Automatic Resource-Constrained Static Task Parallelization - A Generic Approach

Computer science, more specifically High Performance Computing (HPC)


This thesis intends to show how to efficiently exploit the parallelism present in scientific computer applications in order to enjoy the performance benefits that multiprocessors can provide, using a new automatic task parallelization methodology for compilers. The key characteristics of this research work are resource constraints and static scheduling.

Automatic Task Parallelization:

The proposed methodology includes the techniques required to decompose scientific computer programs into tasks and generate equivalent parallel code, using a generic approach that targets both different parallel languages and architectures. We apply this methodology in PIPS, a comprehensive source-to-source compilation platform.Three issues are addressed. First, since extracting task parallelism from sequential codes is a scheduling problem, an efficient, automatic scheduling algorithm called BDSC for parallelism detection has been designed and implemented; the result is a scheduled data dependence graph, called SDG, a new task graph data structure. In a second step, a new generic parallel intermediate representation extension called SPIRE has been introduced, in which parallelized code can be expressed. Finally, wrapping up the goal of automatic parallelization, a new BDSC- and SPIRE-based parallel code generator had been implemented and integrated within the PIPS compiler framework. It targets both shared anddistributed memory systems, using automatically generated OpenMP and MPI code.

Research results:
  • The BDSC scheduling algorithm. It handles simultaneously two resource constraints, namely a bounded amount of memory per processor and a bounded number of processors. These  are key parameters when scheduling tasks on actual multiprocessors.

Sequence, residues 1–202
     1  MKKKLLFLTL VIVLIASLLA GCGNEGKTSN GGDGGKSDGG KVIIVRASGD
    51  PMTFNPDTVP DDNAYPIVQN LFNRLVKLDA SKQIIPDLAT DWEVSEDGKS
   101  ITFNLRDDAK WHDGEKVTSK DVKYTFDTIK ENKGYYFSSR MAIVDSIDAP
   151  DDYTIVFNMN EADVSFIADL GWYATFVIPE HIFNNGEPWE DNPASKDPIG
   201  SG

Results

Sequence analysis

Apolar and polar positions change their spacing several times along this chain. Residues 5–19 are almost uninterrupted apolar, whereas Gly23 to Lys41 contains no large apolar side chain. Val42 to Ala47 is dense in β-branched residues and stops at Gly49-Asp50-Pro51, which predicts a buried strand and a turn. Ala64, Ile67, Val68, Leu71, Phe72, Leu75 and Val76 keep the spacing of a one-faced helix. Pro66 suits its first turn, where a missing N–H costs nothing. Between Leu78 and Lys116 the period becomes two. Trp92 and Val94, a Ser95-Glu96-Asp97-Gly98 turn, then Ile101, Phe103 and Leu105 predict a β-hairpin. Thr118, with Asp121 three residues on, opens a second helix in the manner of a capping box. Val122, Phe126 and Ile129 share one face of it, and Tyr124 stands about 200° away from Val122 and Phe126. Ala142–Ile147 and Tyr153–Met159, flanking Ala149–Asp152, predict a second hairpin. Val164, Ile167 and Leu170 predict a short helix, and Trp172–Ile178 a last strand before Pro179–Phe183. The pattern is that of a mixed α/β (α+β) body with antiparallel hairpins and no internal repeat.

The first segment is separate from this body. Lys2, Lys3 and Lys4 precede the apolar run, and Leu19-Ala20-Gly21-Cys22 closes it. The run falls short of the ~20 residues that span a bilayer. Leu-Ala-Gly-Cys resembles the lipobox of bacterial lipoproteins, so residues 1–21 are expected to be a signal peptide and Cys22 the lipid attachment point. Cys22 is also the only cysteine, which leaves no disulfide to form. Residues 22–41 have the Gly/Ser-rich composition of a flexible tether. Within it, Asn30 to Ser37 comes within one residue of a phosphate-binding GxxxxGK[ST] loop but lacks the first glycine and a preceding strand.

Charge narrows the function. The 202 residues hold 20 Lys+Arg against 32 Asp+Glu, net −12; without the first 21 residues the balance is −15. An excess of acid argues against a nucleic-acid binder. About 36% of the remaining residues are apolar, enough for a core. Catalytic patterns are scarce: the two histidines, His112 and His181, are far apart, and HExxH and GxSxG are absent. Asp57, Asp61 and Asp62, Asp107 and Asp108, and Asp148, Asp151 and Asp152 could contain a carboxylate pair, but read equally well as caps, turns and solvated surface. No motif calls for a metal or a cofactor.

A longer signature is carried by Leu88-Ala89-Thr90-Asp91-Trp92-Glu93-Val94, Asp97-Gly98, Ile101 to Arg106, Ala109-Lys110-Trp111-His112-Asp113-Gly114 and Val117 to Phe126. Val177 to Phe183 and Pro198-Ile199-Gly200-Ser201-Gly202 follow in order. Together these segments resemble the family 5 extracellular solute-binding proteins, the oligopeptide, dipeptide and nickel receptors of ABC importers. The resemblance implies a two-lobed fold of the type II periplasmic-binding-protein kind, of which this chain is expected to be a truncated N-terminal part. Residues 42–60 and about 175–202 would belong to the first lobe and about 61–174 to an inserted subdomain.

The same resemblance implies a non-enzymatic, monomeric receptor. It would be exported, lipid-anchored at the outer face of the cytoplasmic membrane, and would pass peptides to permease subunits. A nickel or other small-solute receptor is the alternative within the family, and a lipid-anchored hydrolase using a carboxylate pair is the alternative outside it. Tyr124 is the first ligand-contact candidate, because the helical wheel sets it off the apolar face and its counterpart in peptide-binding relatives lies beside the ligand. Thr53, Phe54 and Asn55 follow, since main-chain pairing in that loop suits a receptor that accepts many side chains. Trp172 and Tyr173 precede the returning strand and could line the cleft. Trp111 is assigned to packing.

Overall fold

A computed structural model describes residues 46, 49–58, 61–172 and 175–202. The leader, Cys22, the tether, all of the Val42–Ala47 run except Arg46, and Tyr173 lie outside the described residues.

• SPIRE. This new and general 3-step extension methodology can be used to map any intermediate representation (IR) used in compilation platforms for representing sequential programming constructs to a parallel IR.
  • A prototype of the algorithms presented in the thesis, implemented in the PIPS source-to-source compilation framework. Performance measurements for this new parallelization approach have been gathered for five significant programs: the image and signal processing benchmarks Harris and ABF, the SPEC2001 benchmark equake, the NAS parallel benchmark IS, and the FFT, targeting both shared and distributed memory architectures. Automatic translations into two parallel languages, OpenMP and MPI, have been developed.


Dounia Khaldi is a doctor of MINES ParisTech since November 27th, 2013. Advised by François Irigoin and Corinne Ancourt at Centre de recherche en informatique (CRI) of MINES ParisTech, her research work was focused on the automatic task parallelization of sequential programs.

Dounia Khaldi obtained her engineering diploma in computer science at the Ecole supérieure d’informatique in Algiers, Algeria, in 2009. She was granted a Master Recherche, majoring in HPC (High Performance Computing), by the Université de Versailles Saint-Quentin-en-Yvelines in 2010. During her studies, she specialized in compilation, HPC and parallelism issues. How to go faster using current multiprocessors and parallel architectures was the main problem to solve. Preparing a PhD thesis was for her a life dream, which is realized at MINES ParisTech.

Dounia Khaldi chose her PhD subject because of the challenges and complexity of automatically parallelizing sequential programs. Since she was used to writing parallel programs by hand, this time the challenge was to have it automatically performed by software. She was very ambitious and motivated to work within the CRI environment, where she was influenced and taught by different brilliant researchers there. During these last three years, she used many scientific, signal and image processing benchmarks to verify and apply her approach. Current results look really exciting.